The food stamp program, formally called the Supplemental Nutrition Assistance Program, was 80 percent of the original bill’s cost, and it remains the centerpiece of the Senate’s bipartisan farm bill. …
Representative Frank D. Lucas, Republican of Oklahoma, the chairman of the House Agriculture Committee, said he would try to draft a separate food stamp bill “as soon as I can achieve a consensus.” But conservatives remain determined to extract deep cuts to the program — cuts that members of both parties in the House and Senate have said they cannot support.
This means no food stamps until the Republicans get their act together. And that’s been impossible.
People are going hungry in America. The poverty rate is rising because the GOP is doing everything in its power to undermine every social program promoted by President Obama.
Republicans want you to believe that food stamps are being abused by minorities. But the vast majority of people on food stamps are white. And they aren’t in the big cities. They’re in rural America, places that are Republican strongholds.
This was in The Washington Post this week:
Here, in the rural hills of Tennessee, is the latest fallout of a recession that officially ended in 2009 but remains without end for so many. More than 1 in 4 children now depend on government food assistance, a record level of need that has increased the federal budget and changed the nature of childhood for the nation’s poor.
You really have to read the full story (here) to fully understand the impact of today’s action by John Boehner and his minions. Poor people are going hungry. Things are getting worse. And the party that wants to give bigger tax cuts to the rich has just taken food out of the mouths of children.
Why this political party exists … why poor whites throughout America blindly follow the GOP when all it wants to do is destroy them … is beyond comprehension.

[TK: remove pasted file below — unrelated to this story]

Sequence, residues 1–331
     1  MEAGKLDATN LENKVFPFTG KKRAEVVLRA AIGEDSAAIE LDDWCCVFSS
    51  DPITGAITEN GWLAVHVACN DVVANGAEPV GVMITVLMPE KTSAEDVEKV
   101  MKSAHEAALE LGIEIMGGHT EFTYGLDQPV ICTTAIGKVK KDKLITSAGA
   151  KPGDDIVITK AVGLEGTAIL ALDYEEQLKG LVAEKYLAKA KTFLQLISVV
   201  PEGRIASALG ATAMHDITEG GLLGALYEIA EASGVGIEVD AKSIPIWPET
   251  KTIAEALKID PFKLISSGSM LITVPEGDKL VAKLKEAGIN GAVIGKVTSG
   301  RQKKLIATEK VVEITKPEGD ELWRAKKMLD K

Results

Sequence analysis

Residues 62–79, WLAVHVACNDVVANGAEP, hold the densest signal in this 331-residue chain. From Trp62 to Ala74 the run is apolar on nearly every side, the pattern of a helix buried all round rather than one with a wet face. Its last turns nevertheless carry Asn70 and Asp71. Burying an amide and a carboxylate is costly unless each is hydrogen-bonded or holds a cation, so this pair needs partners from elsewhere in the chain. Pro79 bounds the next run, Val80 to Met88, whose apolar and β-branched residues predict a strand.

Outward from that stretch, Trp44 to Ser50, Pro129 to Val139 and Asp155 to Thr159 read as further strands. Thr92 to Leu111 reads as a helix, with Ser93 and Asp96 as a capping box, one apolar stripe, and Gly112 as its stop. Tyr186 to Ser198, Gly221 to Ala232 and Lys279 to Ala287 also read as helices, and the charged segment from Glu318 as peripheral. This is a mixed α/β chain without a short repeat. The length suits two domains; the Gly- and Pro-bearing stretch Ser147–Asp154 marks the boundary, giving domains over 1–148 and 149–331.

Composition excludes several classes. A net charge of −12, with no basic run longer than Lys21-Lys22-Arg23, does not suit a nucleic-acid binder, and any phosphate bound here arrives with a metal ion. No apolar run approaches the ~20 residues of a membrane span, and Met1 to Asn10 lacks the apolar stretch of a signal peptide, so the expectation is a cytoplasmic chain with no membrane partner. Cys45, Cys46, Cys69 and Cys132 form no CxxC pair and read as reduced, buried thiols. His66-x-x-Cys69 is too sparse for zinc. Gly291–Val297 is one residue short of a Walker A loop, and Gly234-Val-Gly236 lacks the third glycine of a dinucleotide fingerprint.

You’ve probably seen this already, but just in case you haven’t:
Remember when the right was going nuts, saying that “Sesame Street” was indoctrinating children into the gay lifestyle?
Bert and Ernie are two grown men sharing a house and a bedroom. They share clothes, eat and cook together and have blatantly effeminate characteristics. In one show Bert teaches Ernie how to sew. In another they tend plants together. If this isn’t meant to represent a homosexual union, I can’t imagine what it’s supposed to represent.
(Reverend Joseph Chambers on his radio show, 1994)
And then the left went nuts:
Bert and Ernie conduct themselves in the same loving, discreet way that millions of gay men, women and hand puppets do. They do their jobs well and live a splendidly settled life together in an impeccably decorated cabinet. ”
(The Real Thing by Kurt Andersen, 1980)
Finally Bert and Ernie did interviews:
“All that stuff about me and Bert? It’s not true. We’re both very happy, but we’re not gay.”
(Ernie to students at Carnegie Mellon University, 1997)
“Oh, you had to ask that question. No, no. In fact, sometimes we are not even friends; he can be a pain in the neck.”
(Bert to Spencer Howson when asked if he and Ernie are “more than just good friends” in an ABC Brisbane radio interview, March 7, 2005.)
But this was the best response:
They’re puppets. They don’t exist below the waist!
(Steve Whitmire, who has performed Ernie on Sesame Street since 1993, to students in a Q&A session at Carnegie Mellon University. September 10, 1997)
There’s lots more where that came from here.
The above illustration is another winner from XKCD.com.
A quick physics lesson.
Our television and radio transmissions travel at the speed of light. If technologically sophisticated, intergalactic beings are able to pick up those signals, this is what they’re hearing, based on their distance from us.
Let’s say there’s a technological being on a planet orbiting the star Castor (upper left hand corner) in the Gemini Constellation. That system is about 50 light years away, which means that a television signal sent in 1963 is just arriving there. “The Flintstones” first broadcast in 1960. So, for the past three years, a scientist on a planet orbiting Castor has been trying to figure out what the hell this means:
Is this really how we wanted to make first contact?
This comes as a shock:
The cable channel, and managers Mark Armstrong and Nancy Sanders, say the 51-year-old Gandolfini (gan-dahl-FEE’-nee) died Wednesday while on holiday in Rome.
In a statement, HBO called the actor a great talent and a gentle and loving person.
Gandolfini played conflicted mob boss Tony Soprano in the groundbreaking HBO series that aired from 1999 to 2007.
The last thing I saw him in was “Zero Dark Thirty,” where he played the CIA director.
But this is what he was known for the world over:
Since 1999, every time I drove through the Lincoln Tunnel from Manhattan to my home in New Jersey, this is the view I had and the song that played in my head.
RIP, Tony Soprano.